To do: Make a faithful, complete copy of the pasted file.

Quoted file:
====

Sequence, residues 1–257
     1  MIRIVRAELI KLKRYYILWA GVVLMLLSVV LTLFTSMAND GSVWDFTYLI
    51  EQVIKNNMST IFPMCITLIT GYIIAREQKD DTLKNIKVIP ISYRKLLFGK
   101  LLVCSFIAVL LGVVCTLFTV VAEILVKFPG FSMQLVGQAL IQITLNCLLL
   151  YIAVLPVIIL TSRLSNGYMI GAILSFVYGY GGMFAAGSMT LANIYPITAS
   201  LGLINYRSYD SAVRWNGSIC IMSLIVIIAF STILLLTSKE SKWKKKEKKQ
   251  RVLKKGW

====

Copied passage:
Sequence, residues 1–257
     1  MIRIVRAELI KLKRYYILWA GVVLMLLSVV LTLFTSMAND GSVWDFTYLI
    51  EQVIKNNMST IFPMCITLIT GYIIAREQKD DTLKNIKVIP ISYRKLLFGK
   101  LLVCSFIAVL LGVVCTLFTV VAEILVKFPG FSMQLVGQAL IQITLNCLLL
   151  YIAVLPVIIL TSRLSNGYMI GAILSFVYGY GGMFAAGSMT LANIYPITAS
   201  LGLINYRSYD SAVRWNGSIC IMSLIVIIAF STILLLTSKE SKWKKKEKKQ
   251  RVLKKGW